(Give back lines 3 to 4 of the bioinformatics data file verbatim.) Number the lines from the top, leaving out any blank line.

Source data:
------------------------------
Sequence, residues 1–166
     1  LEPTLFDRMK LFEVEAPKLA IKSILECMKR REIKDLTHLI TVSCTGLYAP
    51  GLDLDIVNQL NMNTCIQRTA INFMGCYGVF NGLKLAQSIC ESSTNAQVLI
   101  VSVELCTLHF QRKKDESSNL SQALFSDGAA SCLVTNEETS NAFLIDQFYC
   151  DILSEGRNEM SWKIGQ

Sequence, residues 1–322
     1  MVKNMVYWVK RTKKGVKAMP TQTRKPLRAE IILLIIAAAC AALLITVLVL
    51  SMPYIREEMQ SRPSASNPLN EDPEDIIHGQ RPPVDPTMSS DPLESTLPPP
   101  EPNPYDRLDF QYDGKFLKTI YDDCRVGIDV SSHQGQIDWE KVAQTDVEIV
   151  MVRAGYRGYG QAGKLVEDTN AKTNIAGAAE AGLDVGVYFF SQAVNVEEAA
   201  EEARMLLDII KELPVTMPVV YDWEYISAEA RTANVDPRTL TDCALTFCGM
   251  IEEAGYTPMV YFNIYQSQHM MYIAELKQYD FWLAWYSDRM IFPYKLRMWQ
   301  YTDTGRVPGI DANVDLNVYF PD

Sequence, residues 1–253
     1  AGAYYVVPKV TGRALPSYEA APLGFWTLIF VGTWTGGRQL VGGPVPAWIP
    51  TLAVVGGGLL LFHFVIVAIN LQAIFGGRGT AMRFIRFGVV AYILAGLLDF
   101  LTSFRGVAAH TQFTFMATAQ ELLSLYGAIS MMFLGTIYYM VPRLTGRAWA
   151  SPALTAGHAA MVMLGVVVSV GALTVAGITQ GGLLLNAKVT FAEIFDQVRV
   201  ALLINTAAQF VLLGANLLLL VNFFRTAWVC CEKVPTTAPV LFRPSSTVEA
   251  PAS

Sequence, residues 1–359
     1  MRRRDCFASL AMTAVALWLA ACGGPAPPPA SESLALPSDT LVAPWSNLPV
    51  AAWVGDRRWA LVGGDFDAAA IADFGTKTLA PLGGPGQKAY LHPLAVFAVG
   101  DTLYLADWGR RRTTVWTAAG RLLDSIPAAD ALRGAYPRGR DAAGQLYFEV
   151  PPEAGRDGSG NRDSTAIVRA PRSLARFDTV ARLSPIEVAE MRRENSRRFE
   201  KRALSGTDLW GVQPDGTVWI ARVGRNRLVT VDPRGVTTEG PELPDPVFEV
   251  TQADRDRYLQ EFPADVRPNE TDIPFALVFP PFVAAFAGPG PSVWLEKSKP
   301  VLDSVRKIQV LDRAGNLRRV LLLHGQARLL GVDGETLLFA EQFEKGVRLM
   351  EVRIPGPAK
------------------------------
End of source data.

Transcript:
    51  GLDLDIVNQL NMNTCIQRTA INFMGCYGVF NGLKLAQSIC ESSTNAQVLI
   101  VSVELCTLHF QRKKDESSNL SQALFSDGAA SCLVTNEETS NAFLIDQFYC